This week I will be sizing up The Maze Runner by James Dashner. I chose it because I loved the books and I loved the movie. However, my affinity for each was for totally different reasons. I also just found out the sequel, The Scorch Trials, will be coming out in September 2015.
To be fair, I hated the book at first. I picked it up because it had been out forever, gotten lots of great reviews and I don’t like not knowing what all the fuss is about when it comes to book buzz. I am not one of those readers (or viewers) who likes to be dropped in the middle of an introductory scene and have to exert myself to figure out what is going on, at least in general. Normally, it’s enough to make me put a book aside and move on.
By the end of the first paragraph, I knew there was no way I was going to read two hundred odd pages of this discombobulated tale. By the end of the second paragraph, I was even less interested. I told myself at the end of every page for the first seventy pages that I really didn’t like the story and felt like I was being emotionally blackmailed into reading on. I mean honestly, I had had enough of the piecemeal plot and nonsense dialogue. It was clearly a waste of my time. Which if you haven’t read the books, is EXACTLY what Dashner intends. He wants the reader to be at a complete loss for as long as his characters are. By the end of the first chapter, I was as pissed and confused as Thomas was.
Photo credit to www.thefilmequals.com
Hats off to Mr. Dashner and his ability to engage readers in such a way that putting down his books is nearly impossible. By the end of Maze Runner, I was simultaneously thrilled and pissed that I had two more books between me and the answer to “What is WICKED?” I have now read the entire trilogy as well as The Kill Zone. I found them all excellent once I got over being mad about getting strong armed into reading them courtesy of my own well stoked rabid curiosity.
When word broke a year and a half ago that Maze Runner was to be made into a movie I was thrilled. I was even more excited when I heard Dylan O’Brien was to head the cast. I had watched him on Teen Wolf (a show made far more entertaining and compelling than it has any right to be thanks to its generally outstanding cast) and found him very talented. Someone to watch if you will. The director was a virtual unknown and not even thirty. Wes Ball proved his directing chops quite thoroughly as far as I am concerned. I was also quite pleased to see Ball has signed on for both The Scorch Trials (Movie #2) and The Death Cure (Movie #3). Seeing that the time was taken to enlist actors young enough to pull off the teen feel of the movie was another boon. I am not a fan of movies that fail to observe that most basic congruity. Twenty seven year old men in high school attire tend to blow my suspension of disbelief. You don’t see much of that here which is great.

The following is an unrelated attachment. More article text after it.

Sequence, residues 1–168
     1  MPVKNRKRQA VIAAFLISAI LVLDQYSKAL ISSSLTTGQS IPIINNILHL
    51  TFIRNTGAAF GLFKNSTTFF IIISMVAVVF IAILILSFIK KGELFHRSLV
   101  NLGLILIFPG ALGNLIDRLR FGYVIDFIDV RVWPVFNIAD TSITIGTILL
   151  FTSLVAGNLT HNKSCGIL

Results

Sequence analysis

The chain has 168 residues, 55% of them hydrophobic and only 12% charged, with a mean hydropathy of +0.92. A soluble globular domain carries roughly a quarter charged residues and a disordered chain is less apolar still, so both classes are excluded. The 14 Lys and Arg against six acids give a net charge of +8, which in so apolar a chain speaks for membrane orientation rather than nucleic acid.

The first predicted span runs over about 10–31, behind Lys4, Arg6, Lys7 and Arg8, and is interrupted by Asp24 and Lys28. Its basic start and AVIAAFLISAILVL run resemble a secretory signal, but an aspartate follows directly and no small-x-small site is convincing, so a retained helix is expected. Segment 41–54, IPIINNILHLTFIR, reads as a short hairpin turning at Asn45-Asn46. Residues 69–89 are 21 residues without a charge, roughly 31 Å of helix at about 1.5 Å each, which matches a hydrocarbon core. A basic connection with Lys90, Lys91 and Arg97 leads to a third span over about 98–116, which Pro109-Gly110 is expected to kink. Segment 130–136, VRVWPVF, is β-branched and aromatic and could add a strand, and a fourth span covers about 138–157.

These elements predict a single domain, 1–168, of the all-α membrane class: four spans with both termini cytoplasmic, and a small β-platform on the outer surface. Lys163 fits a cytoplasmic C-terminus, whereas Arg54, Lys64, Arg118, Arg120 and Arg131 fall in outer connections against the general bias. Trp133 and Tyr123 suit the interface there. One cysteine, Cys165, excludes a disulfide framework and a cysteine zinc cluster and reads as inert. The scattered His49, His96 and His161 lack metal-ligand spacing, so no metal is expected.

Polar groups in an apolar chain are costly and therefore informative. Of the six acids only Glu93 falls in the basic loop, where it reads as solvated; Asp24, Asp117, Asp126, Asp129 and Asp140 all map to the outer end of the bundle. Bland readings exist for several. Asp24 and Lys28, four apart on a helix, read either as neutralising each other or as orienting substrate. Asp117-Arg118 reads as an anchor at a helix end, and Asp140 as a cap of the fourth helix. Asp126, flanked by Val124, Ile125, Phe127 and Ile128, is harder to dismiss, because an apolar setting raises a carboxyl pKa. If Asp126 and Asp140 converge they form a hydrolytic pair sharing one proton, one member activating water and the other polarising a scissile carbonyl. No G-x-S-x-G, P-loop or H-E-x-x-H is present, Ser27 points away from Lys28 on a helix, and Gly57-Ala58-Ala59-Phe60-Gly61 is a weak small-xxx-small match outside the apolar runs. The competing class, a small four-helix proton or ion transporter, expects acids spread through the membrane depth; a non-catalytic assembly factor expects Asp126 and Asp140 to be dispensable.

The movie sticks to the basic material of the book and the general premise but it loses substantial punch in the details that are left out. However, surprisingly, this does not make it a bad movie, only gives it a different feel than the book. There are a few points worth mentioning that diverge the screen version from the paper one in major ways. There are dozens of articles on the Internet listing the exact things that were changed. There were hundreds of minor things that were different and most of them didn’t have much of an impact unless you had read the book and plan to go into dissection mode when you watch a film adaptation. I will only touch on the short list of large plot points that I felt made a difference.
So what was it like?
The book and the movie open in similar fashion with Thomas moving up into black space in a metal cage. In the book, he goes for hours and we learn a bit more about his character. With the initial solid feel for Thomas, Dashner gets the reader engaged within a few paragraphs and nosy about the maze nearly as quickly once the box surfaces. In the movie, Thomas comes up into the Glade fairly quickly without the initial confusion and one on one time with Thomas. The difference being he gets lost a bit in the opening scene in the craziness of the Glade, Gladers and awe inspired by the maze around them. While the initial hook is set in generally the same way, things begin to change after that. Not big story changes per se, but more like the texture and feel of the story changes.
In the book, there is more time allotted for Thomas to remember his name, be angry, shocked and confused about how he got to the Glade in the first place. Thomas getting to know the Gladers occurs in a completely different way. There are huge chunks of backstory left out and many interactions between Thomas and various characters cement certain relationships and completely change others between the two mediums. For me, I would have rather seen the character development hit a bit harder. In the movie, I was taken aback a few times at how easily Thomas seems to fit right in with the Gladers and go straight to the top of the hierarchy. It is much different on the page. On paper where he ends up is not all that different so it is not a big detractor, but including some of that backstory would have given the main characters more punch and made viewers more empathetic to Thomas and the Gladers in general.
Photo credit goes to www.thetimes.co.uk
On the screen, Thomas starts rocking the boat day one and most of the Gladers are happy to jump on board. On the page, it takes much longer and Thomas is viewed with much greater suspicion. The movie version does not necessarily lose anything here if you haven’t read the book but on the page it makes more sense for Thomas to be trying to rally the Gladers behind him when it finally occurs. It also shows the Gladers in a far more compelling and intelligent light as you see the more involved struggle they go through to follow Thomas or push for his banishment. I read several Lord of the Flies comparisons referencing the movie and on screen that feel is certainly there. On the page, the Gladers are not nearly as impulsive and mindless as the boys in LOTF.